By Jimnah Mbaru
Ministries have returned more than Sh101 billion to the Treasury over the last financial year. These funds were earmarked for development purposes and represent a tenth of the 2011/2012 budget.
With the several projects the State needs to fund, it is a shame that these funds have not been put to immediate use. The ability to mobilise and deploy capital efficiently is a crucial skill Kenya needs to develop. As this is available right now, I propose that the Treasury uses this money to fund a bank of industries with a capital base of Sh100 billion.
A bank of industries would be used to fund the industrial and manufacturing sector that would in turn help boost exports. The funds would be for new industries or for the expansion of existing ones.
We have previously argued the Central Bank should let the shilling depreciate as it would be good for economic development for the following reasons: a weak shilling would help stimulate exports and move the country from import focus to export focus, help promote manufacturing, encourage remittances from the Diaspora, develops Nairobi as a financial/services hub and discourage conspicuous import-driven consumption.
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To boost industrial and manufacturing output in Kenya, we need to tackle the current challenges to the sector, which include the need for cheap capital and cheap energy. A bank of industries would be set up to finance the industrial sector through the provision of loans with low interest rates such as below six per cent for industries.
The large capital base will allow the bank to participate in sell and lease back financing which industries with large asset bases can use to unlock capital. To fund capital expenditure, the bank would also act as a conduit for trade finance such as export credit agency financing.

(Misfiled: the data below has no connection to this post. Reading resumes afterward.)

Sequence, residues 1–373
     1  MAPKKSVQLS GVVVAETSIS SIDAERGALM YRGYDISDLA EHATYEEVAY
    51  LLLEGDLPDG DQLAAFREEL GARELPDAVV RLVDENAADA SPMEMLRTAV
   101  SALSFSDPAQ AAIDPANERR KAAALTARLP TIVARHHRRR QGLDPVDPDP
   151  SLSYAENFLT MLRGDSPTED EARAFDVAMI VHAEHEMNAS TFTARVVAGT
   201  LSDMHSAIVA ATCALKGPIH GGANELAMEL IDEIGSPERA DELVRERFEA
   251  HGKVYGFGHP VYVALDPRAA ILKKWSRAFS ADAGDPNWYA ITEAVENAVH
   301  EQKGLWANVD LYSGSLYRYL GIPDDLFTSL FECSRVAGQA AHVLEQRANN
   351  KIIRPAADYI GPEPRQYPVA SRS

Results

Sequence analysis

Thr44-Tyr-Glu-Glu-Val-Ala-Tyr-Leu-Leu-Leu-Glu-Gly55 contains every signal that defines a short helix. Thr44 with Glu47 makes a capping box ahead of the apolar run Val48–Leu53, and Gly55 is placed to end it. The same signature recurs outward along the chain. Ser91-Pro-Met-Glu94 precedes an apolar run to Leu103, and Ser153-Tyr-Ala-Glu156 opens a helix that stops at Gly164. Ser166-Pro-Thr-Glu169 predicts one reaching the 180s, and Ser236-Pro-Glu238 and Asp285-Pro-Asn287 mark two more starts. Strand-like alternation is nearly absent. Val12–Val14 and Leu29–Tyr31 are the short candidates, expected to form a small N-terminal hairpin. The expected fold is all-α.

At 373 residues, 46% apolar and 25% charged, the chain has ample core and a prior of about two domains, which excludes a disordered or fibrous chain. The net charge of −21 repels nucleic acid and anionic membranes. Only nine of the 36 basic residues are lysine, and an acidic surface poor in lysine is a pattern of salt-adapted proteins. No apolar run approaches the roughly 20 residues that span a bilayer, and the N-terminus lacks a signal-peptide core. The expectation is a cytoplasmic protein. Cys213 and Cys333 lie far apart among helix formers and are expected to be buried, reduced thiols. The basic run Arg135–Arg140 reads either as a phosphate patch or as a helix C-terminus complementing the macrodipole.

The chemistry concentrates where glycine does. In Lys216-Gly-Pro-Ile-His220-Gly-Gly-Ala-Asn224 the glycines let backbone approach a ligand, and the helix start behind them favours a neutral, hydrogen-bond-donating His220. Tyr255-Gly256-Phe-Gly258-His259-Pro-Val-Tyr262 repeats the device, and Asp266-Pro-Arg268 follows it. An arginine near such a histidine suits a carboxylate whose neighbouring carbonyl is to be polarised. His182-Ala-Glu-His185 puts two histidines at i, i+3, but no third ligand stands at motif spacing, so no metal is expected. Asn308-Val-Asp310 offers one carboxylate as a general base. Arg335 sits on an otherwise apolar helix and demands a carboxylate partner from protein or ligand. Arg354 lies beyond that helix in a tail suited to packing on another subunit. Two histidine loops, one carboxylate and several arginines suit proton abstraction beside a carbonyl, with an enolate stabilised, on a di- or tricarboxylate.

There are people in Kenya who are serial entrepreneurs and industrialists. However, even with their great track record with their existing businesses, they struggle to get funding for new ventures. These are the people Kenya needs to push their industrial and manufacturing agenda and a bank of industries would become a great facilitator in this sector.
Historically, banks or private wealth have been one of the key drivers of industrialisation. Alexander Gerschenkron, a political economist, formulated a model of late industrialisation, which is widely known as the “patterns of industrialisation” which identified key institutions which drove industrialisation.
From a working paper by Jang-Sup Shin of the National University of Singapore titled The East African Industrialisation in the Gerschenkronian Mirror: Catching-up Strategies and Institutional Transition, the author noted that Gerschenkron developed a three-country paradigm to explain “patterns of industrialisation”.
Gerschendron identified distinctive institutions spearheading industrialisation as follows: In Britain, the forerunner who pioneered the industrial revolution, the accumulated private wealth of capitalists was a major source of finance and individual entrepreneurs played a central role in industrialisation.
In Germany, a moderately backward country, “the universal banks” played a major role in financing industrialisation and organising the private sector. In Russia, the state mobilised financial resources and created new industries.
So how would the Government go about creating a bank of industries? One solution would be to convert and recapitalise Industrial & Commercial Development Corporation or Industrial Development Bank into a bank of industries. Another option would be to create a bank of industries from scratch with equity contributions from Treasury with the ability to obtain concessional loans from DFIs and other governments in order to lend onwards to industries.
The writer is former chairman, Nairobi Securities Exchange and also chairman, Dyer and Blair Investment Bank